Overall, I must say that I enjoyed the event and think that it was quite an improvement from the first session. I appreciated the connection that was made between the two halves of the evening- the teaching of the sugya and the discussion. Additionally, Avraham and Buzaglo seemed to have much more to talk about together than the two guests of the prior session.
I was still left with a few quibbles: To begin with, I still haven’t been able to connect to the theatrical segments of the troupe Kalabat Shabbat that are sprinkled throughout the evening. The humorous segments, that play off of various stereotypes in Israeli society, tend to be overly cynical for my tastes, and they don’t really have any connection to the Bavli or the rest of the evening.
I’m also still not so convinced by the choice of Kobi Meidan as a moderator. On the one hand, he definitely has a fine set of moderating skills and as an “outsider” to the field should be able to bridge between the academics on stage and the general audience. But on the other hand, he just doesn’t know that much about Talmud. At times, this can be more of a hindrance to the conversation than anything else.
It is also interesting to see the role that gender plays in the selection of speakers and guests. Over the five sessions, Persico is the only male slated to engage in the instruction of a sugya, yet not even a single woman is scheduled to partake in the discussions held in the second half of the evening – the point at which the experts really “pontificate” on the Talmud and its sense in the world. These discussions about the Talmud- which are really the main part of the sessions and of Kobi Meidan’s “journey through the pages of the Talmud”- are all male dominated. The women were merely invited to teach a little at four out of the five events. To be sure, over here at the Talmud Blog we also have trouble finding women to write for us, and the field’s community of scholars is only slowly bringing more women into its ranks. Yet to me, it seems too odd to have a production of this nature without including more women in the main discussions. If A.B. Yehoshua and Aaron Ciechanover- two speakers who normally don’t really have anything to do with the rabbinic texts (at least not publicly) can speak about the Talmud, then couldn’t non-Talmudist female public intellectuals have been brought in for the discussion as well, and not just to teach?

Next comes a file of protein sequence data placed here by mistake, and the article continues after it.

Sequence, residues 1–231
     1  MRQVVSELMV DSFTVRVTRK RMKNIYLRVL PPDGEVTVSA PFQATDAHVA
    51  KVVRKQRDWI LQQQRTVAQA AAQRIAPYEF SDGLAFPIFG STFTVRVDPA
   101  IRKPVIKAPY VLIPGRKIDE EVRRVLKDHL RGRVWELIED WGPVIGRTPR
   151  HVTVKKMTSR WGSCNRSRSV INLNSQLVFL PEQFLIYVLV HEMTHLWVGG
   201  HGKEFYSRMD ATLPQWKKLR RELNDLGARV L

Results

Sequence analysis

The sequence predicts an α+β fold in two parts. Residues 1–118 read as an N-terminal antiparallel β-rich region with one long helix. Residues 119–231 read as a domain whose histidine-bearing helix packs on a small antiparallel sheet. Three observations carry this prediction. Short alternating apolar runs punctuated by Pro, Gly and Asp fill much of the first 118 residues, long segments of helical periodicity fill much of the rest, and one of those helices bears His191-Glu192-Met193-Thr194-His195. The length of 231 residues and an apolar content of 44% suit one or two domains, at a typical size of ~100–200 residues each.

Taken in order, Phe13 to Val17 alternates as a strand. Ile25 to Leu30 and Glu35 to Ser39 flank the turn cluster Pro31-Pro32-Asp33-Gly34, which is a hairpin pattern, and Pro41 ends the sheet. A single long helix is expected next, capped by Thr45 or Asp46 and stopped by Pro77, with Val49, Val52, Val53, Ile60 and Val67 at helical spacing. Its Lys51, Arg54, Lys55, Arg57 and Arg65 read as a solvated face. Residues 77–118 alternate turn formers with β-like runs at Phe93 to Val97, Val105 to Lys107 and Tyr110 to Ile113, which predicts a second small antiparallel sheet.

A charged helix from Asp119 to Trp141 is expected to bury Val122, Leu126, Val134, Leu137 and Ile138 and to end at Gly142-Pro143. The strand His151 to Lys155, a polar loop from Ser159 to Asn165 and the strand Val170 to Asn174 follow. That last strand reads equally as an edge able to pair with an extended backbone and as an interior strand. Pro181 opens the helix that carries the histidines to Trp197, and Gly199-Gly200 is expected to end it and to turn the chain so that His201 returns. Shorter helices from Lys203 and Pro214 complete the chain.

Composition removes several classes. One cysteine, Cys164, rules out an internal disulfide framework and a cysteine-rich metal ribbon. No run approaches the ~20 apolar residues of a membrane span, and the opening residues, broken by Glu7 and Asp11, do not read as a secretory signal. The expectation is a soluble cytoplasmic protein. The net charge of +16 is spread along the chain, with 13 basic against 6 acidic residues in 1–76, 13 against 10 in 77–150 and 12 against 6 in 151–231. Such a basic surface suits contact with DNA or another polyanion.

Finally, as a frequent user of the National Library, I wonder how cultural events can be created to involve more of the readers who frequent the library. As noted by David Blumberg at the first session, the NLI has been very good at opening its doors to a wider audience, and at the same time, it should be noted that it has been great at designing events for the readers by the readers (such as its “חוקר בצהריים” series). But one of the best resources that the library has to offer is its readers, and one of the questions that I was left with was what would an event look like that had both demographics present? In tomorrow’s session, two of the library’s stalwart readers, Prof. David Weiss-Halivni and Dr. Uzi Fuchs, will discuss the interpretation of the Talmud, and it will be interesting to see whether some of the other readers come to hear them. That would be a great sight to behold.